Flip For Color

Experimental Site Notice

This is not a production site. Some pages may have unusual formatting or colors as part of a series of live experiments in visual perception of self illuminated displays. If you have any problems reading any pages, or if you find any are particularly easy to read, we'd love to hear about it. Please discuss at the SAPC GitHub discussions tab

Automatic Font Color based on Background Lightness

Each patch has data which also serves as an example. The font is smaller than optimum to stress the critical importance of spatial frequency.

The top few lines of text are automatically set based on the background color, and should always be easilly readable. The bottom line is the opposite color for comparison purposes, and may often be unreadable.

Reference Greyscales


The 38% Flip

If you are only looking for a basic point to flip the text from black to white or vice versa, the cheat is to use the **Y** we just derived, and make the flip point about ` Y = 0.38; `. so for colors higher than 0.4 Y, make the text black `#000` and for colors darker than about 0.38 Y, make the text white `#fff`.

  let textColor = (Ys < 0.38) ? "#fff" : "#000"; // Low budget down and dirty text flipper.

Why 38% and not 50%? Our human perception of lightness/darkness and of contrast is not linear. For a self illuminated display, it so happens that 0.38 Y is _about_ middle contrast under most typical conditions involving small text.

Yes it varies (between about 0.34Y and 0.42Y), and yes this is an over simplification. But if you are flipping text black or white, the simple answer can be a useful one, such as for auto-text color in a spreadsheet.

But I heard 18% was middle

18% is a middle grey known to photographers in particular, associated with Ansel Adams's Zone V, and a useful target for mid-density of the negative. And it's the middle grey between black and white in terms of Munsell value. And for low spatial frequency patches of color under a specific adaptation environment, arranging a collection of uniform tiles, sure, 18.4% is the middle.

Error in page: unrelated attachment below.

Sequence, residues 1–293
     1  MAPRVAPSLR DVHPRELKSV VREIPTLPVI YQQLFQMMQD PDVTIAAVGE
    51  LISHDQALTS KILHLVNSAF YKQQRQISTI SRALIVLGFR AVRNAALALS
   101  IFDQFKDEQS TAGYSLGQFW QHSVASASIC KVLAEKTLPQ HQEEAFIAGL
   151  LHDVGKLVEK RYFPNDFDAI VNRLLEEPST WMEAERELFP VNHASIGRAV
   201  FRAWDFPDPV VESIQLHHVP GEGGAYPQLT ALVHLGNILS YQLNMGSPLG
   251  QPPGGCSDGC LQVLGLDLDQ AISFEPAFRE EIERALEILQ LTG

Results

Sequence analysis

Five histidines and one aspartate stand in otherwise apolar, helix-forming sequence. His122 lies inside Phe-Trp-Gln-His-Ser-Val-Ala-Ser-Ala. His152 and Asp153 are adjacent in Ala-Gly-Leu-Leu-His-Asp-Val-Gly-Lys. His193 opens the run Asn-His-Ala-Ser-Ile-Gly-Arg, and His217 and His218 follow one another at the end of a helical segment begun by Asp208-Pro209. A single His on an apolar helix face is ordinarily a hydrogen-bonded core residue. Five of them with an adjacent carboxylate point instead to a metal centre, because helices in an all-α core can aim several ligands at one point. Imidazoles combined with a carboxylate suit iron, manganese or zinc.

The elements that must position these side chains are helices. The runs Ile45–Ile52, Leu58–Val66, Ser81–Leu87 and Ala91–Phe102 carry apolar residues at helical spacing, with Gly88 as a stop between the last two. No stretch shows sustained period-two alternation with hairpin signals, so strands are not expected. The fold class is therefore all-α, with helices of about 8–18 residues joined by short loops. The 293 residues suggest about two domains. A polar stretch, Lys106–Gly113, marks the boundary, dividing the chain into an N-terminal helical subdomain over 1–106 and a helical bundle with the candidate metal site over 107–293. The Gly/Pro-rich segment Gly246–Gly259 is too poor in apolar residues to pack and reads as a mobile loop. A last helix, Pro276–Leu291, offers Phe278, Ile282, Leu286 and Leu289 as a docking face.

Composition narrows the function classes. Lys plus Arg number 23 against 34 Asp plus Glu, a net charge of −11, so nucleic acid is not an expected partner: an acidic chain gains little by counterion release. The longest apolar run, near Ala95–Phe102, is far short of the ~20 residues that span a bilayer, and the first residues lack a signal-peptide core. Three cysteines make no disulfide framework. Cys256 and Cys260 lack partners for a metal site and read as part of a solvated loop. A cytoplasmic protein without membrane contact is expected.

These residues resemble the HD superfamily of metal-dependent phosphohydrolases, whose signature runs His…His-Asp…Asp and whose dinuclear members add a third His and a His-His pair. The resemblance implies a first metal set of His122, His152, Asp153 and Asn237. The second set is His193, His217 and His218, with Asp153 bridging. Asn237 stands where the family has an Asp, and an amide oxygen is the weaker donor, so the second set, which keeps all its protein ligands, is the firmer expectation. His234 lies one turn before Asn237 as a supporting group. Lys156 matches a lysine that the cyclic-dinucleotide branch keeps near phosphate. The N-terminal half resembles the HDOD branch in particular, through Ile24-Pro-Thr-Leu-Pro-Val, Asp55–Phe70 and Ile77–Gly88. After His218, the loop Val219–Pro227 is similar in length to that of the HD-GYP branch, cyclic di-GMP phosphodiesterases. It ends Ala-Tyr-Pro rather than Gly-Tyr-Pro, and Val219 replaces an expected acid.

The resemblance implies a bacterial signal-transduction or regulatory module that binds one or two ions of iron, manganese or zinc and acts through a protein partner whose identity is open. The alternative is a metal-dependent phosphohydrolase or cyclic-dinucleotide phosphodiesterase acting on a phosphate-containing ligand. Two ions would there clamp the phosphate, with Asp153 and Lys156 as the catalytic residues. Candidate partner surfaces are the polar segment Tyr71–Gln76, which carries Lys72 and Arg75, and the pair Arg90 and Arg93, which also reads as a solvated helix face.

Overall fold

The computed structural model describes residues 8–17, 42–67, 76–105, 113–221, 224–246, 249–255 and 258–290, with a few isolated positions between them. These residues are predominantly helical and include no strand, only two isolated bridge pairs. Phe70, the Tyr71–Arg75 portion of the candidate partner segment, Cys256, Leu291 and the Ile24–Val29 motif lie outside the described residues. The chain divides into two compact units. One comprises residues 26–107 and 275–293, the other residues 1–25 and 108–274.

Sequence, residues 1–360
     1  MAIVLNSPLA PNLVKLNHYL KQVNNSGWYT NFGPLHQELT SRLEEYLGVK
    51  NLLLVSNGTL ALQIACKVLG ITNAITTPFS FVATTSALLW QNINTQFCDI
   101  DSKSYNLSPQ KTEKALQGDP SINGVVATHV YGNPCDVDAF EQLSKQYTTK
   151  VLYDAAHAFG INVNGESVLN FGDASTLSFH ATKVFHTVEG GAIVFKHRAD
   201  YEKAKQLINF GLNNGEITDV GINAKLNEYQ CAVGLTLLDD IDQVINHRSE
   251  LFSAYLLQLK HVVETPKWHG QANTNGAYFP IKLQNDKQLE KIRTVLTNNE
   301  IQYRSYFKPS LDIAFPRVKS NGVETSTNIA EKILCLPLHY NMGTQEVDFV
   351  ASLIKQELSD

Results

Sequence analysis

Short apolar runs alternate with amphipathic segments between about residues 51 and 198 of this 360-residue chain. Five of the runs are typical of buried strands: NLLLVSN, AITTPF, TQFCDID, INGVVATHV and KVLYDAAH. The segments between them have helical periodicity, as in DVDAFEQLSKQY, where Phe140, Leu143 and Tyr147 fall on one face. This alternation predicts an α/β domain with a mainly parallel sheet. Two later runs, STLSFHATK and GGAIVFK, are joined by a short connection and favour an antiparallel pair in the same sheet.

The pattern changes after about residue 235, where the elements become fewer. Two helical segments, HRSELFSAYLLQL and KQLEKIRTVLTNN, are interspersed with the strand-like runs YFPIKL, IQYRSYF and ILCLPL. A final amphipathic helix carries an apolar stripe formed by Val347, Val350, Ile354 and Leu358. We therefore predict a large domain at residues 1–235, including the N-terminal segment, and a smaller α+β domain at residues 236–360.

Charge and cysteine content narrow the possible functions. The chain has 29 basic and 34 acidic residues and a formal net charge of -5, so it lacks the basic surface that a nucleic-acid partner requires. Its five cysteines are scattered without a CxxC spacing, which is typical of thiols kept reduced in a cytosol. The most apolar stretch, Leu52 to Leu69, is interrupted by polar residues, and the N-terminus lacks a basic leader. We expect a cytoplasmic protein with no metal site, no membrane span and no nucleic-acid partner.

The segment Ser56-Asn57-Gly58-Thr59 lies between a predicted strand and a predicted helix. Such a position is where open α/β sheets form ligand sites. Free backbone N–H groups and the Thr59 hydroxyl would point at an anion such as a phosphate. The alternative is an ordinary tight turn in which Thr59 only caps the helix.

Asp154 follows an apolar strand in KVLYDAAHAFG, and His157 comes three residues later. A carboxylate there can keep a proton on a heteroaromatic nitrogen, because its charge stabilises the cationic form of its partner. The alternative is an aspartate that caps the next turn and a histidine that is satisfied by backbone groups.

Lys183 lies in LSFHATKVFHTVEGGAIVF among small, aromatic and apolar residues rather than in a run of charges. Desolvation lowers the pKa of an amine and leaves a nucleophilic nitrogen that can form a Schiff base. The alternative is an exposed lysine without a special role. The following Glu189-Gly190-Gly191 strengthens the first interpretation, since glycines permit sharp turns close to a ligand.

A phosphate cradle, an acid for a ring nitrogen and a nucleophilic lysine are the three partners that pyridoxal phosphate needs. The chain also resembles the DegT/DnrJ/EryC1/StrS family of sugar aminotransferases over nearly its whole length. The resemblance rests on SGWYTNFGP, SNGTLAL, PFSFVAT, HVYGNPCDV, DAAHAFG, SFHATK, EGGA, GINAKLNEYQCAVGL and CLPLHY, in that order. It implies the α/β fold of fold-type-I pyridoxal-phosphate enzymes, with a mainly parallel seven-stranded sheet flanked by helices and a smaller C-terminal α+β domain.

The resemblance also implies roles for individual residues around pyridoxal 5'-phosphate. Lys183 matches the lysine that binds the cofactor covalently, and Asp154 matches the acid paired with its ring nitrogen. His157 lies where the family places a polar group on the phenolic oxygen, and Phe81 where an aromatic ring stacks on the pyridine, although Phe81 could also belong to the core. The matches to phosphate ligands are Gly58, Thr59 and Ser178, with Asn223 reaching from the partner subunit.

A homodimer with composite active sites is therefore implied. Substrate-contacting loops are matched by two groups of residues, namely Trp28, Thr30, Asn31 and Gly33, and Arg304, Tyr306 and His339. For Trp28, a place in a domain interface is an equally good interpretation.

But this is "middle grey between a black which is really just very very dark grey, about 2%, and a reference white which is not actually 100%, but less, like 90% usually." Ah human perception. There's a lot of wiggly room in some of these metrics. In particular, the farther we get away from the "threshold" of the "just noticeable difference" (JND) the less accurate are our models of our perception, and the more variables apply to defining that perception.

So, to prepare you as we dig deeper here, I'll let you in on a well kept secret: contrast is not about two colors so much as it's about "spatial frequency" which for our purposes means the font weight and font size. Our luminance processing in our visual cortex is extremely sensitive to changes in spatial frequency, and high spatial frequency items, meaning small thin text like the text you are reading now, are perceived at a much lower contrast and therefore require much more lightness/darkness difference to be readable. (Please see my article "Stop Using Grey Text")

Perceptual Bonus Round

Predicting the perception of a given color and lightness is still a subject of active research, and not entirely settled science. The L\* (Lstar) of CIELAB or CIELUV has been used to predict perceptual lightness, and even to predict perceived contrast. However, while L\* works well for surface colors in a very defined/controlled environment, we've discovered that it does not work as well for self-illuminated displays and small bits, like text.

This varies depending on not only the display type and calibration, but also your environment, the overall page content, the polarity of the text (dark mode or light mode), size, etc. If you take the Y from above, and raise it by around ^0.678, you'll find that 0.5 is typically the middle point to flip the text from white to black.

Zz end PAD